Anyway, people liked my Twitter strategy. So why did I abandon it myself?
You won't believe what happens next
There are two things that suck about Twitter the most when you're new to it:
- Seeing irrelevant stuff. Fortunately, this one's easily fixable.
- Being irrelevant yourself and tweeting into the void. This one's harder.
If you want to be heard, you need followers and engagement.
How do you get that?
One way to get engagement is to be yourself, share valuable thoughts, be helpful, and build genuine connections. I spent four months doing it daily, and it works. Yes, 500 followers ain't much, but it's honest work.
But it's slow.
What if there was a faster way?
A faster way to get engagement is to tweet often, analyze, and optimize for it. Schedule 100s of tweets weeks in advance. Automate, automate, automate. Grow, grow, grow. This spring has seen a crazy explosion in Twitter growth courses, automation tools, and people trying to play the algorithm to grow big fast.
An unfortunate consequence of this engagement-chasing has been the proliferation of popular, but low-quality content. The dreaded threadbois with clickbaity formulaic threads are perhaps the most annoying example of this:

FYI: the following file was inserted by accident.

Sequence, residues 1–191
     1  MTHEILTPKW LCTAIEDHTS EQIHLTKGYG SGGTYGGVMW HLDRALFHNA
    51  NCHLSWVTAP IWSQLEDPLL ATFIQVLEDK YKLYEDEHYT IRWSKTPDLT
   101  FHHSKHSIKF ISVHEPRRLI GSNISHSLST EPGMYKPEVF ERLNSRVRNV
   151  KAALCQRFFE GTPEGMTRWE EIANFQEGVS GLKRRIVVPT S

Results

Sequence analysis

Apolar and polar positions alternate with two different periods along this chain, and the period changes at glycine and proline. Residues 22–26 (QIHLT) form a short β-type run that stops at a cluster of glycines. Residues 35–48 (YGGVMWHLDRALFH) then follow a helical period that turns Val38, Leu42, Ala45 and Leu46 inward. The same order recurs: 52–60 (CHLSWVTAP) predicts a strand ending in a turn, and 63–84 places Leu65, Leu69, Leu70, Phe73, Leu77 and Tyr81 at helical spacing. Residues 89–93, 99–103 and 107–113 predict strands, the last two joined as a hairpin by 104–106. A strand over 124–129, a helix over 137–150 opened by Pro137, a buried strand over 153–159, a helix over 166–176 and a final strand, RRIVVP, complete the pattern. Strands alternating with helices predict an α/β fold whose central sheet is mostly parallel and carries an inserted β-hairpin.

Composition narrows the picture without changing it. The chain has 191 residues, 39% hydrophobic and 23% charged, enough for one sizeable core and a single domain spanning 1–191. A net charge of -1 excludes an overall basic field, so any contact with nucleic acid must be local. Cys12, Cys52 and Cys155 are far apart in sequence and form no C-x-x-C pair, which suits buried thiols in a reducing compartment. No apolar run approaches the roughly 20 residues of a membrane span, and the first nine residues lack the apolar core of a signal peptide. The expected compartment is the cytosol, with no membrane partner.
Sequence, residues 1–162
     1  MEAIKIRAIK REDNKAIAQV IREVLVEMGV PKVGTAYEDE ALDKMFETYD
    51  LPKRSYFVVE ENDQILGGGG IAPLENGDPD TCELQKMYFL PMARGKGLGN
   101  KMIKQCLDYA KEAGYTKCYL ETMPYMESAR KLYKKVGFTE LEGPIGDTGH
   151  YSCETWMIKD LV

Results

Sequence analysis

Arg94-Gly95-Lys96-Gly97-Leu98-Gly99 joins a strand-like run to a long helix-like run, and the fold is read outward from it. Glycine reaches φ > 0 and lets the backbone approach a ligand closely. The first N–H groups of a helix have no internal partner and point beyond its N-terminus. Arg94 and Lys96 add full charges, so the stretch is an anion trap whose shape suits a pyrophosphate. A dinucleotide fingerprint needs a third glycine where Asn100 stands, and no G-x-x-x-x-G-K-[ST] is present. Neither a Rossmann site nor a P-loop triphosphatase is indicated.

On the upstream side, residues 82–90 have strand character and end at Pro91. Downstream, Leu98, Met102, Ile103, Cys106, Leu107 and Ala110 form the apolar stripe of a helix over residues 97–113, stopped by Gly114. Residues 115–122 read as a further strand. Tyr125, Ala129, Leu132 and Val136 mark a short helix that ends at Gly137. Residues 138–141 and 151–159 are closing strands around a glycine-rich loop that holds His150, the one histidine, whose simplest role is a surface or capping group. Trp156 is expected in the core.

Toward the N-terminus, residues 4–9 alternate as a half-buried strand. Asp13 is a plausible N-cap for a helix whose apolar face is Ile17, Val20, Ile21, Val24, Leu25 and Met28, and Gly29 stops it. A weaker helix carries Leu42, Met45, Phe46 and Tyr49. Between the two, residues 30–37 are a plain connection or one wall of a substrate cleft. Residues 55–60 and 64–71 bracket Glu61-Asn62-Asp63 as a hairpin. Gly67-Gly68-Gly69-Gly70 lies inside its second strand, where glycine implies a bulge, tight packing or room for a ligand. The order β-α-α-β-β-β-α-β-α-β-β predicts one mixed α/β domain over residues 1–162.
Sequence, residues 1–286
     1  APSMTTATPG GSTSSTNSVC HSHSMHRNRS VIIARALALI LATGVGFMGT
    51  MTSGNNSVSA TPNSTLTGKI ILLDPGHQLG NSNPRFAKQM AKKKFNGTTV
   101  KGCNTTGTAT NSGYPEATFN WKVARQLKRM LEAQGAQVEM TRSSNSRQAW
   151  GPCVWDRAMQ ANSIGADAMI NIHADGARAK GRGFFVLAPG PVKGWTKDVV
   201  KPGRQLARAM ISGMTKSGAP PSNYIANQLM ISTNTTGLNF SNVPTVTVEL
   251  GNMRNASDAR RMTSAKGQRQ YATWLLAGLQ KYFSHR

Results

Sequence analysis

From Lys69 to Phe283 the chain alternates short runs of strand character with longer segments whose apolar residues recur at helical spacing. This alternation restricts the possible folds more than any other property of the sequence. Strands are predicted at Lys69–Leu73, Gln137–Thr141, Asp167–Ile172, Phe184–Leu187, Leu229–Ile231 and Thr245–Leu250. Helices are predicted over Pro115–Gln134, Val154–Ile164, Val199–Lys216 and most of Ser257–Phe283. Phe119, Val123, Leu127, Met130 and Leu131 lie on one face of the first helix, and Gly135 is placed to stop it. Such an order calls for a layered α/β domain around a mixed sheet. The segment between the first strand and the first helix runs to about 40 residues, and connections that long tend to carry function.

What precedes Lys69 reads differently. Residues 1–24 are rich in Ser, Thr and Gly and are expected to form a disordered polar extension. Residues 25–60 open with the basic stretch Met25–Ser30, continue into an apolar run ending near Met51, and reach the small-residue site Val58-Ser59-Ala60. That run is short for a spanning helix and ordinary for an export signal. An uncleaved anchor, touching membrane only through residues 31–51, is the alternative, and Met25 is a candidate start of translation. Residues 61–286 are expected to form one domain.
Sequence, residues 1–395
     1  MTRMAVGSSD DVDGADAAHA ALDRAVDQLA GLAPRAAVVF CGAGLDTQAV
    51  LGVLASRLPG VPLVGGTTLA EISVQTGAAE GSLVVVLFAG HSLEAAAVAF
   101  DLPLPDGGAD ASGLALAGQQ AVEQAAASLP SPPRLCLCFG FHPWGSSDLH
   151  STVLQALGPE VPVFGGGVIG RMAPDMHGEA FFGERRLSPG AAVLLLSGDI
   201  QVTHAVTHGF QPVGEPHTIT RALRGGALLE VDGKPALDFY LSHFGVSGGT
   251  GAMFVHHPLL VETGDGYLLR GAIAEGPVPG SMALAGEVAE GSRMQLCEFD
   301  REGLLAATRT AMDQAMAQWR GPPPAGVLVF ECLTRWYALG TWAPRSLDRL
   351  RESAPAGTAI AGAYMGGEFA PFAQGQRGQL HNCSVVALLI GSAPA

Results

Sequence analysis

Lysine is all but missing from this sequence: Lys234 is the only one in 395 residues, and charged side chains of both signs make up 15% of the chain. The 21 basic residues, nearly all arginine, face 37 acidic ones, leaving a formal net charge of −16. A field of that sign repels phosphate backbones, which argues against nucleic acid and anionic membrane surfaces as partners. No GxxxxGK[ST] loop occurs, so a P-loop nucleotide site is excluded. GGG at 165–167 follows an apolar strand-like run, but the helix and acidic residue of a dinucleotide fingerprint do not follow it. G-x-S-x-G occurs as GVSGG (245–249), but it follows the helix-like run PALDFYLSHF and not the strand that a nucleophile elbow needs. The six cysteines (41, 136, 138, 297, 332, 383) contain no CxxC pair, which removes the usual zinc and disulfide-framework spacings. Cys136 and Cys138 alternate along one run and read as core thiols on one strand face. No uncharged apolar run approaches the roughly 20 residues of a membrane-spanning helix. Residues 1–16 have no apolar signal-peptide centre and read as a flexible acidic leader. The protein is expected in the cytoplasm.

- A thread of websites, apps, services so insanely useful they feel illegal to know. You'll literally get put in jail for life for reading this thread!
- A thread of sales, marketing, business hacks that will grow your business to seven (eleven) figures OVERNIGHT. Drop everything and read!
- A thread of habits that will make you happy, energized, and perform better than literally 98.2% of people on planet Earth. Is it a bird? A plane? It's a dude who just read this Twitter thread!
Yuck. At one point, it got so bad my feed was at least 20% schlock. Every fifth tweet was a garbage thread. I went on a crusade against them. I publicly disagreed with their unsubstantiated 98.2% stats! Who cares lol it's just extra engagement for them. I was muting threads left and right, but the algorithm didn't care.
Then it somehow got worse. You know what's better than a massively popular dumb thread? A massively popular dumb AI-written thread. Fortunately, the latest GPT-3 updates have brought us a whole new crop of AI-powered writing tools for all your engagement-chasing needs.